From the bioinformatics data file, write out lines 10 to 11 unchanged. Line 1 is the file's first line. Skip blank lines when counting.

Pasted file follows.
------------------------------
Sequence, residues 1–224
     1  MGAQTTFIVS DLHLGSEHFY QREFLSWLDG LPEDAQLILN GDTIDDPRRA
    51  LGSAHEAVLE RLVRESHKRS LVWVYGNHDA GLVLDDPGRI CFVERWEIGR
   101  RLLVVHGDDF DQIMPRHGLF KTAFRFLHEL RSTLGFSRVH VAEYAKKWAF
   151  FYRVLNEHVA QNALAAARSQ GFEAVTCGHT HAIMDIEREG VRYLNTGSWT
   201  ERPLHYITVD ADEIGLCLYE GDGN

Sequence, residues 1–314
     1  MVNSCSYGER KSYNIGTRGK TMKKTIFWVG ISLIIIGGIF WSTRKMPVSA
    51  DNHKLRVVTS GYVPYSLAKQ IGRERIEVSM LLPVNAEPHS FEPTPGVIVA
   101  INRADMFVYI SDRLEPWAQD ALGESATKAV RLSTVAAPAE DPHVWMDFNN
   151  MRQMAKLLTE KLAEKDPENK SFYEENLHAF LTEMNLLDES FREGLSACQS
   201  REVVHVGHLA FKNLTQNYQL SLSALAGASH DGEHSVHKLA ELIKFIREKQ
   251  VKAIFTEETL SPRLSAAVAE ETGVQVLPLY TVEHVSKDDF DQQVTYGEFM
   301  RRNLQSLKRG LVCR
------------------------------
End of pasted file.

   101  INRADMFVYI SDRLEPWAQD ALGESATKAV RLSTVAAPAE DPHVWMDFNN
   151  MRQMAKLLTE KLAEKDPENK SFYEENLHAF LTEMNLLDES FREGLSACQS